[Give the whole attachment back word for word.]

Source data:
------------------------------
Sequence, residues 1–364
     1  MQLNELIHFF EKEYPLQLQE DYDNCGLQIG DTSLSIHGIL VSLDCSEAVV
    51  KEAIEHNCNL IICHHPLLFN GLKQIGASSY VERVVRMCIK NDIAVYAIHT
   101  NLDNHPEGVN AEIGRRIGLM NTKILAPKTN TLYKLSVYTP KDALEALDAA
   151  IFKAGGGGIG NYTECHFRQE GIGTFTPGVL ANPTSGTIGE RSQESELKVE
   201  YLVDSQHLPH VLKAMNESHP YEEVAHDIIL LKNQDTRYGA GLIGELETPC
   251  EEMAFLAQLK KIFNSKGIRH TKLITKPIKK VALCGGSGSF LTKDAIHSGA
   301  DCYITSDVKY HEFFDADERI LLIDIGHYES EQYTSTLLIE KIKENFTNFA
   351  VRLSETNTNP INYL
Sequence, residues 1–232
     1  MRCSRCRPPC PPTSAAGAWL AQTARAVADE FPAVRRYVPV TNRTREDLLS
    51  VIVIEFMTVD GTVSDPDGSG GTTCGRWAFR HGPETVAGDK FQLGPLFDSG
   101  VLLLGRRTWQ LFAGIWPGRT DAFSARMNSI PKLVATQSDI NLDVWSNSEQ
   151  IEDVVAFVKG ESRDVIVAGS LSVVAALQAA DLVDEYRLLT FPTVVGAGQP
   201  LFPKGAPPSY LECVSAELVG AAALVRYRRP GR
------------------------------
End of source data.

Sequence, residues 1–364
     1  MQLNELIHFF EKEYPLQLQE DYDNCGLQIG DTSLSIHGIL VSLDCSEAVV
    51  KEAIEHNCNL IICHHPLLFN GLKQIGASSY VERVVRMCIK NDIAVYAIHT
   101  NLDNHPEGVN AEIGRRIGLM NTKILAPKTN TLYKLSVYTP KDALEALDAA
   151  IFKAGGGGIG NYTECHFRQE GIGTFTPGVL ANPTSGTIGE RSQESELKVE
   201  YLVDSQHLPH VLKAMNESHP YEEVAHDIIL LKNQDTRYGA GLIGELETPC
   251  EEMAFLAQLK KIFNSKGIRH TKLITKPIKK VALCGGSGSF LTKDAIHSGA
   301  DCYITSDVKY HEFFDADERI LLIDIGHYES EQYTSTLLIE KIKENFTNFA
   351  VRLSETNTNP INYL
Sequence, residues 1–232
     1  MRCSRCRPPC PPTSAAGAWL AQTARAVADE FPAVRRYVPV TNRTREDLLS
    51  VIVIEFMTVD GTVSDPDGSG GTTCGRWAFR HGPETVAGDK FQLGPLFDSG
   101  VLLLGRRTWQ LFAGIWPGRT DAFSARMNSI PKLVATQSDI NLDVWSNSEQ
   151  IEDVVAFVKG ESRDVIVAGS LSVVAALQAA DLVDEYRLLT FPTVVGAGQP
   201  LFPKGAPPSY LECVSAELVG AAALVRYRRP GR